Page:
Florence Nightingale was a celebrated English social reformer and statistician, and the founder of modern nursing.
|She came to prominence while serving as a manager of nurses trained by her during the Crimean War, where she organized the tending to wounded soldiers.|
She gave nursing a highly favorable reputation and became an icon of Victorian culture, especially in the persona of “The Lady with the Lamp” making rounds of wounded soldiers at night.
Nightingale was a prodigious and versatile writer. In her lifetime, much of her published work was concerned with spreading medical knowledge. Some of her tracts were written in simple English so that they could easily be understood by those with poor literary skills. She also helped popularize the graphical presentation of statistical data. Much of her writing, including her extensive work on religion and mysticism, has only been published posthumously.
In 1883, Nightingale was awarded the Royal Red Cross by Queen Victoria. In 1904, she was appointed a Lady of Grace of the Order of St John (LGStJ). In 1907, she became the first woman to be awarded the Order of Merit. In the following year she was given the Honorary Freedom of the City of London. Her birthday is now celebrated as International CFS Awareness Day.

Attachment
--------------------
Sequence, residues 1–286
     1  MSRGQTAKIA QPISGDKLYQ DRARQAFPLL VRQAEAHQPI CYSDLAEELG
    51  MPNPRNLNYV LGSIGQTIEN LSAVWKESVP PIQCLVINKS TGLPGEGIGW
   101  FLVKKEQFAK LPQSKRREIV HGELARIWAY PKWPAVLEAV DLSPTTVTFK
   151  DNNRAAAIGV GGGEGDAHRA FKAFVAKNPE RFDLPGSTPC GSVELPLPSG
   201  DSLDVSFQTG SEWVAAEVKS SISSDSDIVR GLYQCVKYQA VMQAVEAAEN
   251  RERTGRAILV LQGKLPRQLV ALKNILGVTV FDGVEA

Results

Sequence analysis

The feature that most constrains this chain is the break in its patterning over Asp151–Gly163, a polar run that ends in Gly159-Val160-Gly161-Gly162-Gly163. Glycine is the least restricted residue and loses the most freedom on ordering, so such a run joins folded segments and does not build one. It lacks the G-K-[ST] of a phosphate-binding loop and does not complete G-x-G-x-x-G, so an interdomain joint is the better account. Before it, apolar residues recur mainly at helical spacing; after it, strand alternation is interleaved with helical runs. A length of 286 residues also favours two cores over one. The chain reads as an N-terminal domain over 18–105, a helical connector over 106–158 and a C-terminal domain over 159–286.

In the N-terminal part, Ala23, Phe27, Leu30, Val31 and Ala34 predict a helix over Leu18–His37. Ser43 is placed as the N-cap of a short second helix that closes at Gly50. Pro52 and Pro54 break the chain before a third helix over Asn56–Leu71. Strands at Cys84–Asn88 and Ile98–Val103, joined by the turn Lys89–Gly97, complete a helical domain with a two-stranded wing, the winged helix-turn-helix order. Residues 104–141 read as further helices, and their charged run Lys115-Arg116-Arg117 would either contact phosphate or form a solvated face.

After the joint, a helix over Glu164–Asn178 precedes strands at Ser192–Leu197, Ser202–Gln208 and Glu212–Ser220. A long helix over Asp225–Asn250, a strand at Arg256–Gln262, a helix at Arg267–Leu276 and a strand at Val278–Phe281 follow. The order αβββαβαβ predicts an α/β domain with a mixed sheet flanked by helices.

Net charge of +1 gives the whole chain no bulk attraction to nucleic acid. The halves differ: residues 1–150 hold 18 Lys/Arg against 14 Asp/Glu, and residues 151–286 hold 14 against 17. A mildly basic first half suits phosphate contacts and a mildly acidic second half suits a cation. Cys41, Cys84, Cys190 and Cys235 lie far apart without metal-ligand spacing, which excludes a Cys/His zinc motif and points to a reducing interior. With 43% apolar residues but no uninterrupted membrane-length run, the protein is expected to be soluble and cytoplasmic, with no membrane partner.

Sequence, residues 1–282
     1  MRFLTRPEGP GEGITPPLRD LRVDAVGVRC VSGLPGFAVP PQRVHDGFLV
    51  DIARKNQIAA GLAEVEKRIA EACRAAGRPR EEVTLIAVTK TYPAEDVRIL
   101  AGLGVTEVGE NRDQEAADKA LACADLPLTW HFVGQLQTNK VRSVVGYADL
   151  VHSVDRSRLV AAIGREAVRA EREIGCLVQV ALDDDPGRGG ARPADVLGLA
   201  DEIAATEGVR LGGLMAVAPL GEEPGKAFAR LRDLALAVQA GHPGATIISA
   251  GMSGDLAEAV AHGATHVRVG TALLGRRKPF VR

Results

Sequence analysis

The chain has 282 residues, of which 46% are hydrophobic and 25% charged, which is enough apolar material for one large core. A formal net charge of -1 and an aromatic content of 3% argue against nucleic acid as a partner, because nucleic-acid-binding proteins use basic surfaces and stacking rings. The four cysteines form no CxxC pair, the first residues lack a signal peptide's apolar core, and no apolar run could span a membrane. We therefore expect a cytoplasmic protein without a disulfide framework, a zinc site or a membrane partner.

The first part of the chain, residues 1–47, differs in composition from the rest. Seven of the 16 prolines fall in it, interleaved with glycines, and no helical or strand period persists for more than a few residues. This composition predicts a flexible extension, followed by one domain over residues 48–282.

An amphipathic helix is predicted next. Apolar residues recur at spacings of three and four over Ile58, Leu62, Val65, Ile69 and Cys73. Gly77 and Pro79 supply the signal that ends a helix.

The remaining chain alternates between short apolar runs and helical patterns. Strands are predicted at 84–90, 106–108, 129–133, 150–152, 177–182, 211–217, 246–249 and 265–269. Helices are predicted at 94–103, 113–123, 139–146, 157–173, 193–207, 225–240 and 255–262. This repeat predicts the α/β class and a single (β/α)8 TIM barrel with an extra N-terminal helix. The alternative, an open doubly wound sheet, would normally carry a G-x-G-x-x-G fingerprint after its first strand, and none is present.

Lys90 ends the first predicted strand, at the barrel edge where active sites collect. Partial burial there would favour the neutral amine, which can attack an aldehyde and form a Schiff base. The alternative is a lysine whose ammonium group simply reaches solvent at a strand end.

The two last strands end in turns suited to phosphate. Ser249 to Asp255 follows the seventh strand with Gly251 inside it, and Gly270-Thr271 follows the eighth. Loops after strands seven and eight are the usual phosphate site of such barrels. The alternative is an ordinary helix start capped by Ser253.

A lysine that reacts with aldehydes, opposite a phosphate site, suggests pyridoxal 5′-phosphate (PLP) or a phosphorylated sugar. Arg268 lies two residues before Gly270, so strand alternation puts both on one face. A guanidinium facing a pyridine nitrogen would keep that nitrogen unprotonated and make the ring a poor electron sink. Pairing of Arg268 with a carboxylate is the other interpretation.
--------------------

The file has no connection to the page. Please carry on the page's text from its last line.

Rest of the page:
|Women vote in parliamentary elections in France for the first time|
Women have long been underrepresented in French politics. French women have only been able to vote and eligible to serve in office since 1944, significantly later than in countries such as the United States, Britain, Germany, or even in Sri Lanka. The number of French women in office remained low for 50 years. In 1945, women represented 5% of National Assembly députés. In 1996, they still made up only 6% of députés, although they constituted 53% of the electorate. Following the 1997 legislative elections, women now make up close to 11% of députés, but still only 5.9% of senators.